A newly-signed law is giving hope to victims of child sexual abuse in Arkansas.
Act 1036, or the Justice for Vulnerable Victims of Sexual Abuse Act, increases the statute of limitations in civil lawsuits from 21 to 55 years old. That means a victim has until they are 55 years old to file a child sexual abuse lawsuit in Arkansas.
There is also a two-year revival period that begins six months from now. Any suits that were previously thrown out because of the old statute of limitations can be brought forward again.
“Whether he or she be 95 years old or 27 years old, whatever, will have a right to bring a case not only [against] the perpetrator but also the organization whose negligence or other tortuous acts allow that perpetrator to prey on these children," said attorney Joshua Gillispie.
Four Arkansas men spoke publicly Thursday to express their gratitude for the new legislation. For many of them, it had been at least 40 years before they decided to tell anyone about the abuse they endured. Because of this law, they said, telling their story now matters.
“It needed to be done," said plaintiff and victim Lavelle Campbell. "It needed to be corrected. This wrong needed to be right. Our council, the legislators, have opened their eyes [to] what it is that we went through as young men. And now we can stop it or at least slow it down.”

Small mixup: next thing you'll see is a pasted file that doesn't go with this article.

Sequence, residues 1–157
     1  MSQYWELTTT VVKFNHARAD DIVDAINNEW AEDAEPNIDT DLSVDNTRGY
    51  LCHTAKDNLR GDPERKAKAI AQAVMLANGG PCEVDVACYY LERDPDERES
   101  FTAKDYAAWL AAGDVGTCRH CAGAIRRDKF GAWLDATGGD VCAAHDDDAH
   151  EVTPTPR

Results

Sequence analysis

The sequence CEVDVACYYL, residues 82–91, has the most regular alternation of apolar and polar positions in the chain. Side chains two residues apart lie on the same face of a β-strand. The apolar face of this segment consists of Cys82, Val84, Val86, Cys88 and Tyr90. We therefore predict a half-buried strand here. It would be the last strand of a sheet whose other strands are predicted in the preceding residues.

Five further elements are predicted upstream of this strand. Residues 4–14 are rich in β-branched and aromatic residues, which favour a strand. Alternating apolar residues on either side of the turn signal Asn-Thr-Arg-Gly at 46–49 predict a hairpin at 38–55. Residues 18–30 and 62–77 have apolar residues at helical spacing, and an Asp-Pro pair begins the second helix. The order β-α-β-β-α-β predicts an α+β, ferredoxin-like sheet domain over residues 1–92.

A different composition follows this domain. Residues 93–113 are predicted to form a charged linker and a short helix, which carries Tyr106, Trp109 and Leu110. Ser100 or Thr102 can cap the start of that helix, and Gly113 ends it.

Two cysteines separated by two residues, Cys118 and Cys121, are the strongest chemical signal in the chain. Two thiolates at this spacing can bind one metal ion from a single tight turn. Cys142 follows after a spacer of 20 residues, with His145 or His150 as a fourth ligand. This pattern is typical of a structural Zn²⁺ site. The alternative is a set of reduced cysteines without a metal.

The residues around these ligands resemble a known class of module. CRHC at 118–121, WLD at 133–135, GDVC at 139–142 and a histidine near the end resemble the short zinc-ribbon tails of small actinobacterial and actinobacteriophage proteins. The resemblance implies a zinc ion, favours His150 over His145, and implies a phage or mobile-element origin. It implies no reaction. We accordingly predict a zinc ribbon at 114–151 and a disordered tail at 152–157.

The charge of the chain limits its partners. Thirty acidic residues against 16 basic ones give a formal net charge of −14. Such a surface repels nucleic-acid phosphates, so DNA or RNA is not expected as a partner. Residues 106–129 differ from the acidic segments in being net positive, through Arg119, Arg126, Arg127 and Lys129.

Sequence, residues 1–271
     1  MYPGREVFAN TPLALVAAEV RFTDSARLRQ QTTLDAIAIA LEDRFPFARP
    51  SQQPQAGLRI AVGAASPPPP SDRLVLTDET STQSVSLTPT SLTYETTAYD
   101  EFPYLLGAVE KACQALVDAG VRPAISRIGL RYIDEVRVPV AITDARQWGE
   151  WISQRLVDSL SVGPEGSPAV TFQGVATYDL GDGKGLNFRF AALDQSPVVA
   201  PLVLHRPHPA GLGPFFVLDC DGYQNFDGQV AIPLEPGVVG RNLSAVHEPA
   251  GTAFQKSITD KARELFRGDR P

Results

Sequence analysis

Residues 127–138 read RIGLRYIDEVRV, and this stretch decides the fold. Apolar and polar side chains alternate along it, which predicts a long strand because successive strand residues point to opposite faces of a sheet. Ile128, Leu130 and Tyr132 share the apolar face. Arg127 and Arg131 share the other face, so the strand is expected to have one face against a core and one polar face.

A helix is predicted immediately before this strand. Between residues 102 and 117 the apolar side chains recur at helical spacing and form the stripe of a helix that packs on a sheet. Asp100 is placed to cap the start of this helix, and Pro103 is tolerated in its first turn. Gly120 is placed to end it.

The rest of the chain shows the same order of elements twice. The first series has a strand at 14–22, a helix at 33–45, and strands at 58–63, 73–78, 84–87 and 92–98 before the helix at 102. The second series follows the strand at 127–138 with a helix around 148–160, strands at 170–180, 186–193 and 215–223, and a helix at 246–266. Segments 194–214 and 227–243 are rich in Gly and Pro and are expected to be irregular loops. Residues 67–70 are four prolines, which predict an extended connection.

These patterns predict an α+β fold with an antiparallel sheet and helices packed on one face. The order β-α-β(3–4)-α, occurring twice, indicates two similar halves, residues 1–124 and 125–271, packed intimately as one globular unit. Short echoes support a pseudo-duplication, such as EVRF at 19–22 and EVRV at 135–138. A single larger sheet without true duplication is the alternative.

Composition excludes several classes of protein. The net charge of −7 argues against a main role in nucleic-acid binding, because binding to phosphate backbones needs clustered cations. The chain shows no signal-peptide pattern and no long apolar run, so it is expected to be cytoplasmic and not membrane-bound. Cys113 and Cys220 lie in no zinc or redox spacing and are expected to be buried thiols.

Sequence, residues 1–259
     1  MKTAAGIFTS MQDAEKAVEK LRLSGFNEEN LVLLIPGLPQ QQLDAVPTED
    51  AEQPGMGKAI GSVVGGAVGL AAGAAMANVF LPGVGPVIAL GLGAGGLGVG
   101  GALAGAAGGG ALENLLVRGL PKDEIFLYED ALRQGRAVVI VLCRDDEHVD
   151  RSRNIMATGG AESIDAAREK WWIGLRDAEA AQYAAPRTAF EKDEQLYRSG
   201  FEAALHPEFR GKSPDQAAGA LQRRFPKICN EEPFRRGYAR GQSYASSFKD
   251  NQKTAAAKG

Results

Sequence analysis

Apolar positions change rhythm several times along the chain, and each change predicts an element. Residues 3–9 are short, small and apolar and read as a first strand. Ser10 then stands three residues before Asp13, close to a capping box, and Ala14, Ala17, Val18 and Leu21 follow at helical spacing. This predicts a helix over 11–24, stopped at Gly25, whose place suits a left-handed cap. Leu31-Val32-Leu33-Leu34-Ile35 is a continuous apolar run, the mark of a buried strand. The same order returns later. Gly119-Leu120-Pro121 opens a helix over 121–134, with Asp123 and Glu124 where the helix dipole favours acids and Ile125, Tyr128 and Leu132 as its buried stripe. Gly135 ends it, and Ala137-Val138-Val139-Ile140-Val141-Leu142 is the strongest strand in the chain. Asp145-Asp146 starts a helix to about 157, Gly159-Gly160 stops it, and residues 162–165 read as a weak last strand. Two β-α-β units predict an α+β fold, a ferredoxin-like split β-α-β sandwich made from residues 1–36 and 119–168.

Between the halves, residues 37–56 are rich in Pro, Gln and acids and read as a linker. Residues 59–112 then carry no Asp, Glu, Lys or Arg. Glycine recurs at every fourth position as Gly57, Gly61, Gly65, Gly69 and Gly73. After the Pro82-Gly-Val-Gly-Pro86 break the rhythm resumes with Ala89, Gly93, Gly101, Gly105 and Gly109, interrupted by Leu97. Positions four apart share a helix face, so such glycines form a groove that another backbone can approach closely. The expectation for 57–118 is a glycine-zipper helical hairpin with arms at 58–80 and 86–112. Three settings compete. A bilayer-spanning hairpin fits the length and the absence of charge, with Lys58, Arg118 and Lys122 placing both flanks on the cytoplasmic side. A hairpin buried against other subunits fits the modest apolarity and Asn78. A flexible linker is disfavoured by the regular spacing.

While compensation is a big reason why they brought these suits against the Boy Scouts of America, it’s not the only reason why. Plaintiff William Stevens said he was sexually abused while in a troop in Hot Springs.
"The end goal is to heal," he said. "We’re 50-something years old and we came forward, and it’s because we don’t care what people think anymore. What are they going to do to us that they haven’t already done? But if we can help somebody else, then maybe my life was worth it. And that’s all that matters.”
There is also a bankruptcy lawsuit the Boy Scouts of America filed in Delaware. Nearly 900 Arkansas men have filed claims in the suit.
In a written statement to KATV, the Boy Scouts of America said it's "deeply saddened by the pain and suffering that survivors endured." The organization said many sexual abuse claims happened before implementation of their modern youth protection policies.
"As part of the Scouting organization, we are committed to fulfilling our social and moral responsibility to equitably compensate survivors while also ensuring that Scouting can continue to serve youth, families, and local communities in Arkansas for years to come," the group said.